Oh wait, I promised you nudity, didn’t I? Here it is! An advert for Penguin in Bondage, featured in the doujin books. And it has Prinnies in it. Given the year it came out, there’s obviously no real connection to Atlus or Prinnies in Penguin in Bondage, but the little blue fellows do have at least a slight, passing resemblance, right? Or perhaps this is just a typically stylised way of drawing penguins and I’m being deliberately obtuse...

11 comments:

  1. I read your blog and i pretty much spent several weeks this year reading through every article once I discovered your site. I especially loved the stuff on Capcom & Komani beat-em-ups. Keep up the good work!

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  2. Well, it certainly was NSFW alright, but I love the artwork scattered throughout.
    It's an interesting magazine, great to "thumb" through. Thanks for sharing!

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  3. Yes, Megaupload's closure was quite a disaster, imagine all of the good stuff that was lost.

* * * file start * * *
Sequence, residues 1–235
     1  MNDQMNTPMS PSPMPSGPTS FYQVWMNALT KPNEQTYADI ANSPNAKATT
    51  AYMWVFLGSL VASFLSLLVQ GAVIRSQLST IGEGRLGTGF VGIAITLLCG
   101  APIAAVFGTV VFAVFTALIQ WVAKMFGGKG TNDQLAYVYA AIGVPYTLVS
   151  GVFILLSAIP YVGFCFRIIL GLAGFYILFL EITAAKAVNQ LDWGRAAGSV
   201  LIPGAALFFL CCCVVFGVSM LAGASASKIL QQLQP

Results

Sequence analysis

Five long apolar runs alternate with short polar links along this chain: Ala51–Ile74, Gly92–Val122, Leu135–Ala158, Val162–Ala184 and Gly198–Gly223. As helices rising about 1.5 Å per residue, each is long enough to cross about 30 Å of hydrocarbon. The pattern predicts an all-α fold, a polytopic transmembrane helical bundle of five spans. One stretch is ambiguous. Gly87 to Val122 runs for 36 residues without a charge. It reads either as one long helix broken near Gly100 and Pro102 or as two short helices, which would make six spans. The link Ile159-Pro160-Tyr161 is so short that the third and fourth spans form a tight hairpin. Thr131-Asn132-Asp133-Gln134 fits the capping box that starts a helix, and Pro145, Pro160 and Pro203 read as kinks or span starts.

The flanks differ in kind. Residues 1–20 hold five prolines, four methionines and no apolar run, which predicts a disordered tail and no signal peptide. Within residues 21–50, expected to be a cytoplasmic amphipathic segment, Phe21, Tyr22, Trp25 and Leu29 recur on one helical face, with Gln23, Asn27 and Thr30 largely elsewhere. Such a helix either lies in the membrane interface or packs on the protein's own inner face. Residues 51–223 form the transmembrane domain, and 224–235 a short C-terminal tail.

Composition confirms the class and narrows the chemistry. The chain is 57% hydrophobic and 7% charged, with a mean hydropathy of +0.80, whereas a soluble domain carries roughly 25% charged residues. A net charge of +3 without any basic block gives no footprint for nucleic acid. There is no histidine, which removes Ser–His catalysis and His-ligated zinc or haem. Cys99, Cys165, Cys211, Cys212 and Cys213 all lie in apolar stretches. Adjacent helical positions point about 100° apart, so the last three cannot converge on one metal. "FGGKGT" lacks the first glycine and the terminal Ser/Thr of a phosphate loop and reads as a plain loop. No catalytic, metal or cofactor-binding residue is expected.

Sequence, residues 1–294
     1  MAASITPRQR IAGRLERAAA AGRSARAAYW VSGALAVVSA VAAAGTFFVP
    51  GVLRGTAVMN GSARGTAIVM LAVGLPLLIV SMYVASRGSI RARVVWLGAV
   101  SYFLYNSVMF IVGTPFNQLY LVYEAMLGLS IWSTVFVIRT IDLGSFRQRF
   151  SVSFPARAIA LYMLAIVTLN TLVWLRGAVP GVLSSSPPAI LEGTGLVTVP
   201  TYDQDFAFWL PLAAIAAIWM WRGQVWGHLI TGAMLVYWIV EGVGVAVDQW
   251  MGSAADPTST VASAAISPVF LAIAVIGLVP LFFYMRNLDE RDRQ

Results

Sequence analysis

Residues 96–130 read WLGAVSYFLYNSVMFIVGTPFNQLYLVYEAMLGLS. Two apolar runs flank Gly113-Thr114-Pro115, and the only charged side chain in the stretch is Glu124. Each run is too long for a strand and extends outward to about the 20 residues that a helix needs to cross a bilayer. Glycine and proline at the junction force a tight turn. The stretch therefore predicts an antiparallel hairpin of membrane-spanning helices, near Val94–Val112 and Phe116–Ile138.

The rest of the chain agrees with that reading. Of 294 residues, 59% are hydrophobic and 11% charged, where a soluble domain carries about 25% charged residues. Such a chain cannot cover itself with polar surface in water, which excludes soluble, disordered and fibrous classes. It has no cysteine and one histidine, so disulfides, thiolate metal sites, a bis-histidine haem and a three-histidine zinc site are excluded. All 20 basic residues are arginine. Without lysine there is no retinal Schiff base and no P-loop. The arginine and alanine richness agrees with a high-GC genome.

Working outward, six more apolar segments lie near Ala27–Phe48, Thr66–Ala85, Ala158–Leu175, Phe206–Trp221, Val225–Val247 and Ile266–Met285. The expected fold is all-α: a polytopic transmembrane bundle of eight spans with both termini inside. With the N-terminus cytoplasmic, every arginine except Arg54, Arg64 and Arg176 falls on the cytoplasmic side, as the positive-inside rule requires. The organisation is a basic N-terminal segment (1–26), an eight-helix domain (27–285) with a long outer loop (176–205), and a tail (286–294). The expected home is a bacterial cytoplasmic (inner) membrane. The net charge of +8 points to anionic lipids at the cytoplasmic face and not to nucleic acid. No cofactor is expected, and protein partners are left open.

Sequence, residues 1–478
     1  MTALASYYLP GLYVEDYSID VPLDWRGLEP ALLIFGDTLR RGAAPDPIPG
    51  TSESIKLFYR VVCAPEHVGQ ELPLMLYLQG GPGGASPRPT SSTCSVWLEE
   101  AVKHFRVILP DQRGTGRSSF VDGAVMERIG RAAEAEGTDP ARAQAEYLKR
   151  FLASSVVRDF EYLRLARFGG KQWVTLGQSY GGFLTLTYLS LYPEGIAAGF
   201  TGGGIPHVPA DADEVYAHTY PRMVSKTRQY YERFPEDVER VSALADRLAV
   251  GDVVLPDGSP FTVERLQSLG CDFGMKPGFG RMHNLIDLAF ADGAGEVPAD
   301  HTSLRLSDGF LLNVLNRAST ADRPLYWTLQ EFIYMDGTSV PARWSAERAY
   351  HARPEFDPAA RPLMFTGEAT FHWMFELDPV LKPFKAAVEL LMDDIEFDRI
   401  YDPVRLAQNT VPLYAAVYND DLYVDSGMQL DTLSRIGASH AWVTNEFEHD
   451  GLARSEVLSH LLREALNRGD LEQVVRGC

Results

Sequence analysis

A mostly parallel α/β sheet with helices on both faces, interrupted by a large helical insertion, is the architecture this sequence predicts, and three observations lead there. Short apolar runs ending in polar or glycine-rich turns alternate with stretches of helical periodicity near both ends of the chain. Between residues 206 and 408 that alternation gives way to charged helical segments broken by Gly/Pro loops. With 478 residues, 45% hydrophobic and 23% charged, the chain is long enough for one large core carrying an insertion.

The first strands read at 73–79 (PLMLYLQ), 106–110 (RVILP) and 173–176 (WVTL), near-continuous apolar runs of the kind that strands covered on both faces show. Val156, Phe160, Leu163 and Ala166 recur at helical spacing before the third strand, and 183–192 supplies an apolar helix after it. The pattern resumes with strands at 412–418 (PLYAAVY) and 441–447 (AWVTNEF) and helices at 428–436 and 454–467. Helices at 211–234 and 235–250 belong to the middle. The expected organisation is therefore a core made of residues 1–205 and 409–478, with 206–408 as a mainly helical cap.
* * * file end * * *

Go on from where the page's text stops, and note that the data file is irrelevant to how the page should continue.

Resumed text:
While they're not Japanese indie titles, I've saved 2 old games that were published on the Internet as by small labels that died silently. I'm just searching for people who would care about them.

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  4. The PC88 and PC98 games are really like the Holy Grail. How many unknown gems were lost through the years (and especially when megaupload went down)?

    This makes them even more attractive than Next-gen games!

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  5. What the hell are you on, cool_boy_mew? Are you deliberately taunting, or is it that the HG101 community 'wouldn't care' about them?...

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  6. Depends, what's the policy on links to full games? Technically Uz is a demo (that ask for a serial number, which I've found on the net), but Dweep Gold is hacked into the full version. Both games haven't been published for years.

    Dweep Gold is fairly easy to find however not many people know about it

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  7. Hey, that first magazine in the RARs has a type-in BASIC program towards the end! I wonder what system it's for?

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  8. I would kill for a Penguin in Bondage t-shirt.

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  9. Someone should custom make that design...

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  10. I believe that in due time, we the people (historians and plebeians alike) will come to see the MegaUpload closure as our generation's destruction of the Baghdad Library.

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  11. As excellent as these publications look, it seems Mediafire have removed the links... Are these magazines hosted anywhere else?

    Fascinating article!